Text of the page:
So I set about to thinking - maybe I can make some kind of storage rack for these things? My engineering instinct kicked in. What's the most compact way to store bikes anyway? Probably an atomic compactor. Oh wait, we still need to use those bikes again. Eventually I devised a 2-level hanging rack. It's easy to build with a minimum of tools, and stores almost twice as many bikes in the same space as a standard single-level hanging rack. The bikes are still easy to get in and out, and this rack can work in a garage, foyer, porch, or yard. You just need a wall or some posts.
The rack system shown is very easy and inexpensive to build, and i believe it is the most compact, tangle-free storage possible for 4 or more bikes. for 2-3 bikes its still a good rack but will use about the same space as some other options.
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Step 1: What You Need
- two wood two-by-fours as long as your rack will be
- saw if you need to cut the 2x4's
- wood screws between 3.5" and 4" long (8 to 10cm)
- large metal screw-in hooks (available from most home improvement stores - the ones i found were helpfully called "bike hooks")
- plastic tubing that will fit over the metal hooks (i used 7/16" tubing with 5/16" ID (8mm)). or some old innertubes.
- tape measure
- stud sensor (or you can make one by hanging a magnet from a piece of string)
- optional - thick plastic or thin plywood sheet the full size of the rack (width and height) if you want to protect the wall from tire marks
Step 2: Dimensions Are the Key
- In order to not have the bottom row of bikes flop all around the rear wheel MUST be off the ground.
- The bottom row of hooks should be 65" (1.65m) off the ground.
- The top row of hooks should be 14" (350mm) higher than the bottom row - this keeps the handlebars and cranks of the top row clear of the bottom row.
- spacing between hooks at the same level: 24 inches (600mm). This gives you 11 or 12-inch overall bike spacing.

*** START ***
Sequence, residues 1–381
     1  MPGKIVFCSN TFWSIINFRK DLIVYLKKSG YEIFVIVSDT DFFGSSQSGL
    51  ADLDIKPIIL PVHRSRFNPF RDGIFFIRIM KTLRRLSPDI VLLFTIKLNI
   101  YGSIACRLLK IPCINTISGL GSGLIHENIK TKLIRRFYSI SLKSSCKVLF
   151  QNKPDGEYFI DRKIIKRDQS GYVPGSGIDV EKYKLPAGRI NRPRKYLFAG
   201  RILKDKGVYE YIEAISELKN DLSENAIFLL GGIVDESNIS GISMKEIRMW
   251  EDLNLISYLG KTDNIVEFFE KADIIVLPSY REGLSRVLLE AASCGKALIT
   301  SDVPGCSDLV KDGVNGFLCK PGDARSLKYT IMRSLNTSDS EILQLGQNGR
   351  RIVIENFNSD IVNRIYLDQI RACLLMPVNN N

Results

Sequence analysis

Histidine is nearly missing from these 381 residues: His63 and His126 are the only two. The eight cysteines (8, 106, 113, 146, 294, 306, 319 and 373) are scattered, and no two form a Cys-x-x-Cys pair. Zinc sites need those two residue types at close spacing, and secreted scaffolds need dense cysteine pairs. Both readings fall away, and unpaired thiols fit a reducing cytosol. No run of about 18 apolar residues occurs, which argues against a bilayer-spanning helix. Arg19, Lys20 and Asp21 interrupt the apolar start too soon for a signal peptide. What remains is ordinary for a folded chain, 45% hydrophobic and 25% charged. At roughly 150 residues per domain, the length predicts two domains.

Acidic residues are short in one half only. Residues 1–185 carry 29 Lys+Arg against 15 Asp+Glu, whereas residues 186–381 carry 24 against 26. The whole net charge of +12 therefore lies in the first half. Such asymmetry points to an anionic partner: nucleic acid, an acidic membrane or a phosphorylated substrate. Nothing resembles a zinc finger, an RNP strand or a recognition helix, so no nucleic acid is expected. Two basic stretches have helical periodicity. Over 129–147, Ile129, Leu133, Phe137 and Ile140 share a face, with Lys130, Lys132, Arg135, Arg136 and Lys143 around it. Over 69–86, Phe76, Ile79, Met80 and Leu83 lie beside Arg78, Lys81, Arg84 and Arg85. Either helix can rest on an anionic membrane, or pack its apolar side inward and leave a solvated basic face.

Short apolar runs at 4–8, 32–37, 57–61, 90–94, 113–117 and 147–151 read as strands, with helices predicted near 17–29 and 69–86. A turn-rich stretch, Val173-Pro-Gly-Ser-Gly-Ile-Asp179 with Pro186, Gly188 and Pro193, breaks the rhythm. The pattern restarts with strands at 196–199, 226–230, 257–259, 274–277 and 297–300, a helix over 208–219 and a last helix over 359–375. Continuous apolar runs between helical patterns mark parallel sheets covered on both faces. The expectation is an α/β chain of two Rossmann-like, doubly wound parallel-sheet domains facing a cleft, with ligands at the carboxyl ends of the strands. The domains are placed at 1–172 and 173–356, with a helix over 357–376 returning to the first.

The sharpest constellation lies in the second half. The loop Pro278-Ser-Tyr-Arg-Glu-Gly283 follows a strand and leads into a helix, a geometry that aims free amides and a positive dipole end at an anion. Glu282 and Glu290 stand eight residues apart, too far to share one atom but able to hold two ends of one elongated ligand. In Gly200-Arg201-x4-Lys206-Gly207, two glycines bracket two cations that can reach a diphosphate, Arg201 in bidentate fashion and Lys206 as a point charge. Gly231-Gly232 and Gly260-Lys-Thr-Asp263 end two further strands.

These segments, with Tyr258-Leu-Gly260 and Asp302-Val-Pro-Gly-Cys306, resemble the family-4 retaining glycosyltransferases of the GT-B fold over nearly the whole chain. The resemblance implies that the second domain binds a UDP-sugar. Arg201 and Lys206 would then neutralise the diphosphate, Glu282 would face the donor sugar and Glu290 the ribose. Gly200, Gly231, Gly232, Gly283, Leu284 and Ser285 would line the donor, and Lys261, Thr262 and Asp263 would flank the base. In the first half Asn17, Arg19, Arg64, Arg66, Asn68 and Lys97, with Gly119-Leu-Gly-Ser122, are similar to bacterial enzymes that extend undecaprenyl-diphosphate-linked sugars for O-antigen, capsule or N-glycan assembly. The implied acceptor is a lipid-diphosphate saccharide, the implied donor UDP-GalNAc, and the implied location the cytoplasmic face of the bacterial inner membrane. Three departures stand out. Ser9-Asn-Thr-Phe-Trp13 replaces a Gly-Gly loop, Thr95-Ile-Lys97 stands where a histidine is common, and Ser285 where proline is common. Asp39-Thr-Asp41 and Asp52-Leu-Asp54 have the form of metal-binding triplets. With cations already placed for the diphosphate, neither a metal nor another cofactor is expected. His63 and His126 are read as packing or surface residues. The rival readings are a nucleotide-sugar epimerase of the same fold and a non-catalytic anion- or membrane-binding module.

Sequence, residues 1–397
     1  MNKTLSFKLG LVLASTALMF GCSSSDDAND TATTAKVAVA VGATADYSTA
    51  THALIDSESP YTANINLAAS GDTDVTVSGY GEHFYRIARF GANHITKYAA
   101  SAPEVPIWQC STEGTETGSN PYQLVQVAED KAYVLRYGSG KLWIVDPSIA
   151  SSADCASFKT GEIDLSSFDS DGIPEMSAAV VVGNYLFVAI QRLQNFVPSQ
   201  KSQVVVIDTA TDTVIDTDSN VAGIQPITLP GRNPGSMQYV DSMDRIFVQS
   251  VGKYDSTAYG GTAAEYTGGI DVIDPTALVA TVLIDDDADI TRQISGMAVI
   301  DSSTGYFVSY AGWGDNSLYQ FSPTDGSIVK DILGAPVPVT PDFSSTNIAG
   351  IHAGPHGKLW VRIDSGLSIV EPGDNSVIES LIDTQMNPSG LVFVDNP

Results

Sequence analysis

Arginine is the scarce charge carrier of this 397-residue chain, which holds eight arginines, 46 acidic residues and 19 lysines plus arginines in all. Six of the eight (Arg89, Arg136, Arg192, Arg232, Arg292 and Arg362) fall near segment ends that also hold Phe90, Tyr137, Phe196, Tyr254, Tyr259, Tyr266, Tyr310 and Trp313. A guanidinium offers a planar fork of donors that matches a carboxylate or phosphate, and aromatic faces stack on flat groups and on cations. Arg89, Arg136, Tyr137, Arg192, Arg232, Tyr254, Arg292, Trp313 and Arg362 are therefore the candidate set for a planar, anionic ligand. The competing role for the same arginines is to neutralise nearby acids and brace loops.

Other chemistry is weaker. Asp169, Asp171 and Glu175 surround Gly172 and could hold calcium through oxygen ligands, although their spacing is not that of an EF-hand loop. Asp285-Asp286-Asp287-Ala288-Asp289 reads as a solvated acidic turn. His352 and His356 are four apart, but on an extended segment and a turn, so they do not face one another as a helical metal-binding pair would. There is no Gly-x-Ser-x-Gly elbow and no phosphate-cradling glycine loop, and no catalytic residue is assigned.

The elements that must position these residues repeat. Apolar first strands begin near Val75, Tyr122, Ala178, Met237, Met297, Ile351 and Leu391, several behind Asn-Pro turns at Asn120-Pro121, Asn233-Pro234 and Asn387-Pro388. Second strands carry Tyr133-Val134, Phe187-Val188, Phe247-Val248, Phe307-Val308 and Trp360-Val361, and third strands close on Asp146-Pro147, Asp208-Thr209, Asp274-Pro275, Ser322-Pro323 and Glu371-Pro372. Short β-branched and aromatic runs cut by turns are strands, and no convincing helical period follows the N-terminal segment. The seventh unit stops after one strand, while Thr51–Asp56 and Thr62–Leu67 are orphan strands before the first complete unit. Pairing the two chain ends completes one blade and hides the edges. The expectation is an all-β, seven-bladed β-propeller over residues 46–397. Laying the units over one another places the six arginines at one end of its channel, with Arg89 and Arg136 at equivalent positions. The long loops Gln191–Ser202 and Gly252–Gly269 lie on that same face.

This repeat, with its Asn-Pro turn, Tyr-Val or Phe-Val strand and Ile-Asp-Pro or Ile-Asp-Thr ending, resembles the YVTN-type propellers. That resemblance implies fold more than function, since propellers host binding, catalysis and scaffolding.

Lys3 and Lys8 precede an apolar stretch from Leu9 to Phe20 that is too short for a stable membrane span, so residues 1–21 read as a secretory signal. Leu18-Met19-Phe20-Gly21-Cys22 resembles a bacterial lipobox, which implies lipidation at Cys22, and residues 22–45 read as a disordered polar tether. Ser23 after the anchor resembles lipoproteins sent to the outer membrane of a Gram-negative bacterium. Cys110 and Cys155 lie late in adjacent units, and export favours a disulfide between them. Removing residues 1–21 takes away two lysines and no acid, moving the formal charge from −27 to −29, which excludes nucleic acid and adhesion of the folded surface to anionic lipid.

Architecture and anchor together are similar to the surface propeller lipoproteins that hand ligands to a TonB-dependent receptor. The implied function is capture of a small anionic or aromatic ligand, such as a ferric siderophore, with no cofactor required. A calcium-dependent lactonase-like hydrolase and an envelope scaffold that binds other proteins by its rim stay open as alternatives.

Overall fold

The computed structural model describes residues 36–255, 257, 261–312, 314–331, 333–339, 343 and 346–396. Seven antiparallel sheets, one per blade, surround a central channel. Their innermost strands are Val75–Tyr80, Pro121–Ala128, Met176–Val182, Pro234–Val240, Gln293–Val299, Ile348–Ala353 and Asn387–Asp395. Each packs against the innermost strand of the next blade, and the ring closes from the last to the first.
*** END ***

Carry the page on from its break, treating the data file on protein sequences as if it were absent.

- you can reduce the spacing a little, the more you reduce the more tangling you will have trying to get the bikes in and out. at 24-inches the handlebars on mountain-bikes will be just next to each other. if you only have road-bikes you can do 22 inch spacing.
Step 3: Just in Case You Are Worried About Your Rims
(1) Using a metal hook could scrape up your fancy aluminum rim. As shown in the project, I recommend covering your hooks in vinyl tubing or innertube wrap, this will create a thick and tough rubberized surface to protect the rim
(2) Too much leverage on the hook will deform the rim itself. This is not possible if you use metal hooks that extend at least 4" from the wall, like in all the project photos. The only way you could risk deformation is by using a much smaller metal hook, however a hook small enough to deform your rim would also make hooking the bike on and off the wall very difficult in the first place.
Here's the math on this just in case you are not convinced:
(2a) how strong is your rim? very strong! it is designed to handle at least a 200 lbs person riding over the edge of a curb or pothole. at very slow riding speed you could estimate that the contact area of a pothole corner is similar to the hook we are using. fortunately, when you bike is hanging from the rack it is only supporting itself (25 lbs), and not 200 lbs. and your rim can handle that pothole at speed too...
(2b) how much leverage do we have? as shown in the photo, the weight of the bike "X" is pulling down at the hub. this sets up a torque around point A. if i recall my high school physics properly this means:
- torque = force x distance
- since there is no motion, there must be equal and opposite torques applied around A
(2c) the hook point B is about 5" from the wall. this sets the distance L2 nearly as long as L1. that means the force at Y is only slightly more than the weight of the bike. no chance of deforming your rim!
(2d) lets say you used a really small hook that only extended 2" from the wall and hooked at point C. first off, it would be fairly tricky to even get your bike on and off this hook. but, you do get a leverage ratio of perhaps 5:1. even that is not likely to be able to deform the rim from the bike weight alone. perhaps then your buddy is drinking some beers while you are cleaning up from a long ride, and he stumbles, flails about and catches his entire drunken weight on the hanging bike! now you've got 200 lbs at a 5:1 leverage. based on some unrelated experience trying to hang a large sculpture from my ceiling, if you used the same 1/4" steel hooks that i did you still won't bend your rims, instead the hook is going to un-bend until the bike unhooks itself and falls off. if you did happen to use some industrial grade hooks here, and they don't rip out of the wall - then perhaps your rim is toast.